Cincinnati Film Commission celebrates "Carol" premiere as well as new jobs and attention

The Greater Cincinnati & Northern Kentucky Film Commission will host a red carpet gala Dec. 12 to celebrate the local premiere of Carol, filmed entirely on location in Greater Cincinnati. The romantic drama stars Cate Blanchett and Rooney Mara and is already garnering critical acclaim and awards from Cannes and the New York Film Critics Circle, among others.
The benefit gala will celebrate a crowning achievement for the Film Commission, which has played a key role in the increase of major motion pictures shooting in the area over the past couple of years.
The nonprofit works to attract, promote and cultivate various kinds of film production in order to bring the jobs and economic stimulus associated with the industry here. The organization courts production companies and helps facilitate the process of filming in the area to provide filmmakers with a positive experience, hoping those same companies build Cincinnati’s reputation as a good place to do business.
That work has been paying off in the past two years, with Blanchett even giving interviews stating it was “phenomenal” to work in Cincinnati. But Film Commission Executive Director Kristen Erwin Schlotman also gives some credit to the state of Ohio.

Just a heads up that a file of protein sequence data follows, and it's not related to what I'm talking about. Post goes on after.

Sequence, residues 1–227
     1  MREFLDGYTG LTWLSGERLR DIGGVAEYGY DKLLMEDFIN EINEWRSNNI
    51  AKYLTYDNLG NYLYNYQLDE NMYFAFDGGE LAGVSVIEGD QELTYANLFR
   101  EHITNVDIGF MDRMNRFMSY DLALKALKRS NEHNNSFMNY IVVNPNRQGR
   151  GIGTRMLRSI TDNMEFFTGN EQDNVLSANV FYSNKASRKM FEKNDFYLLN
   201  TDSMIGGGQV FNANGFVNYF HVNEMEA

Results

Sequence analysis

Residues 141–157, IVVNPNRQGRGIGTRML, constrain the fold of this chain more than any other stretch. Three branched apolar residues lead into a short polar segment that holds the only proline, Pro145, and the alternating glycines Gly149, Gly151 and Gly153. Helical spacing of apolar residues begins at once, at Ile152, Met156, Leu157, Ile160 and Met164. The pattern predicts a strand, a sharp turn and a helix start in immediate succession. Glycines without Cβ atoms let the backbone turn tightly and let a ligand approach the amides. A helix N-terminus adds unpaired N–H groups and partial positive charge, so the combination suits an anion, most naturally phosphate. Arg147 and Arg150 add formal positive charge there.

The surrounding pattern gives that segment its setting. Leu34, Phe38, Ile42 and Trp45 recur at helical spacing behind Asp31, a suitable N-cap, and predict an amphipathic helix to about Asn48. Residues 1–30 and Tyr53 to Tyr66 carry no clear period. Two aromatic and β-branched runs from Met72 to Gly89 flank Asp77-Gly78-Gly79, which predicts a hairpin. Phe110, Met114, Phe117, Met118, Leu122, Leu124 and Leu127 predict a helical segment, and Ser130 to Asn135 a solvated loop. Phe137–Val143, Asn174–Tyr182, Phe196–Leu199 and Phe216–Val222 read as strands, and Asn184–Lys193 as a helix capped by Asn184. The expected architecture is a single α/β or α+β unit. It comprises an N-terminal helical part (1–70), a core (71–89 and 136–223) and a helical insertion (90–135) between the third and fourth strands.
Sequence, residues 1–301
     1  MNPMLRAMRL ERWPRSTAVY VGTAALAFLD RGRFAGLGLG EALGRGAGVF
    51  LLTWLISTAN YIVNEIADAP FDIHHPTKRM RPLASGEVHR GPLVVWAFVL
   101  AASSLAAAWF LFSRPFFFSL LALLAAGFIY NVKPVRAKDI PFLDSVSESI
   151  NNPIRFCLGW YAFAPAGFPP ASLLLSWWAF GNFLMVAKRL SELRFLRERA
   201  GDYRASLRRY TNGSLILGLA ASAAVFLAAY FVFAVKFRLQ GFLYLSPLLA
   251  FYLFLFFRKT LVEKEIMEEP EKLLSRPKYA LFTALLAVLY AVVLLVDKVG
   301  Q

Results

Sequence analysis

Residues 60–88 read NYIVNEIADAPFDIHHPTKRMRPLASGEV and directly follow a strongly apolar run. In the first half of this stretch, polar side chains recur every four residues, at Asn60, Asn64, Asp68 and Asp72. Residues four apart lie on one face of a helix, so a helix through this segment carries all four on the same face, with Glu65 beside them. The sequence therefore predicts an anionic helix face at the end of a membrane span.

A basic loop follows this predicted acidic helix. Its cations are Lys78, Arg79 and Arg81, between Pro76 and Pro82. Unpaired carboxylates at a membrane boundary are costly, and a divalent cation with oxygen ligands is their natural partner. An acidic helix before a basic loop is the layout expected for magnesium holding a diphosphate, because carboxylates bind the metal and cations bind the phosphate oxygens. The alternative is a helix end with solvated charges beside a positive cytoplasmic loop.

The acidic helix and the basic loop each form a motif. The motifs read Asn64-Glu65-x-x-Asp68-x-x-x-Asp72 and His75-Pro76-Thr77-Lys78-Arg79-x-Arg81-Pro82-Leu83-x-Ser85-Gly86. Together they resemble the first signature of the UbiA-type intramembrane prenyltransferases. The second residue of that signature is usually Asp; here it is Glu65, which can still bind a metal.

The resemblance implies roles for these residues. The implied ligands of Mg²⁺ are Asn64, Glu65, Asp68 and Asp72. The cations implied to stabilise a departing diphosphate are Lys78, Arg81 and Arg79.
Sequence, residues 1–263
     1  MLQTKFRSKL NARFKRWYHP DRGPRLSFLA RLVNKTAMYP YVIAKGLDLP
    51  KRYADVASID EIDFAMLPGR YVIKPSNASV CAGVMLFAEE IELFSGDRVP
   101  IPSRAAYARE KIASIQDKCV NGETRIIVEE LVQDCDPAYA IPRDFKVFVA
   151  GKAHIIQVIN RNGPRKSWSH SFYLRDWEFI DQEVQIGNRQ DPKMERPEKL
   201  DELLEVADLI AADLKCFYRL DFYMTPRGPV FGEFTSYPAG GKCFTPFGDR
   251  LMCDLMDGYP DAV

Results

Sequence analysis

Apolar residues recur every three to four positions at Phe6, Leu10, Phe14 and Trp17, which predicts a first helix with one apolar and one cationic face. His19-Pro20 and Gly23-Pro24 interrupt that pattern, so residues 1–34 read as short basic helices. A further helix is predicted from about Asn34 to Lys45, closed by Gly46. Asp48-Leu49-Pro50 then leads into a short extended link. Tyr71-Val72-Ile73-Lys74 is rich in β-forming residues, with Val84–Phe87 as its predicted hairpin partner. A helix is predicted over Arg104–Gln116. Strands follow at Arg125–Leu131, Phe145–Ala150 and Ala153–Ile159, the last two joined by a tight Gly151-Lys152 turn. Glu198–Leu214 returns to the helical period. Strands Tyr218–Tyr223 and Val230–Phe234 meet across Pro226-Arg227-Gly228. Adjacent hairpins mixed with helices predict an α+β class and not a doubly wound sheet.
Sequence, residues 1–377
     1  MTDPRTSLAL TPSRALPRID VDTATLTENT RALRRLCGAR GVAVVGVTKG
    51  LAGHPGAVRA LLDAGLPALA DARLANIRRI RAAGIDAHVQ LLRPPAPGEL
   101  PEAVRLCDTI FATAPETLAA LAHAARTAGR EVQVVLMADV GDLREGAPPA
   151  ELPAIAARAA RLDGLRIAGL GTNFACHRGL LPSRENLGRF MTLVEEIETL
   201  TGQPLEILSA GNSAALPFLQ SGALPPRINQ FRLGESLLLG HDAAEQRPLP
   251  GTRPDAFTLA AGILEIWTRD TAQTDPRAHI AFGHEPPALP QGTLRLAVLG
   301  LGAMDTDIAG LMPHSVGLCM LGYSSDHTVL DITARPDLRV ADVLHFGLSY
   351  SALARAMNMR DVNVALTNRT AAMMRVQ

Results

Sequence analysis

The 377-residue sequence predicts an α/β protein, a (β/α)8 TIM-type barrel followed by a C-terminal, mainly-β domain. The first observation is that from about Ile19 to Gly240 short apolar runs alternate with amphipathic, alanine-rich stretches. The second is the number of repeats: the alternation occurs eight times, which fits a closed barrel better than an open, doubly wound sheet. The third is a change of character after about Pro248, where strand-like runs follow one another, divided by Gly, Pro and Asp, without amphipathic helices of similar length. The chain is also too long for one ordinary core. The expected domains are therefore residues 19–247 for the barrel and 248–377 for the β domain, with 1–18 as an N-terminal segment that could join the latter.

Kristen Erwin Schlotman 
Schlotman explains that Cincinnati had film production business in the 1990s but lost much of it when many film shoots left the U.S. for cheaper international destinations. To lure some of that business back into the country, many states began adopting incentives for production companies to film there.
Ohio was one of the later states to adopt such incentives, which Schlotman sees positively.
“We’ve learned a lot from states that have been too aggressive with the programs,” she says. “We don’t want to be a state that is turning away business.”
The incentives must be in place strategically, but with a $1.75 return on every dollar currently spent on them and six major motion pictures having filmed in Cincinnati this year, the strategy seems to be working.
With the Film Commission helping to coordinate all the moving parts that go into film shoots, more movies made here means more work for a host of people involved: actors, crew, technicians and the entire support staff involved in the film industry.
Schlotman is now starting to hear stories of Cincinnatians who are able to work full time in that industry, including young actors who never thought it could be a reality in Cincinnati and those able to change careers because more film-related work is available. These stories will only multiply as film shooting becomes steadier and requires a fully fleshed out support network.
“We don’t just want to have a piece of this business,” Schlotman says, “we want to see the entire film ecosystem here and become a global destination.”
Schlotman sees Cincinnati eventually supporting multiple film projects at one time and in succession, with all aspects of the film industry represented locally, from education to production.
“I just want people to know that while it seems like this is the peak of our efforts, it’s only the beginning,” she says. “This office is changing people’s lives. And I think it’s changing the city, too.”

The Carol gala is 7 p.m. Saturday, Dec. 12 at the Cincinnati Club downtown, with proceeds benefiting the Greater Cincinnati & Northern Kentucky Film Commission. Tickets are $150. The movie screening is sold out.
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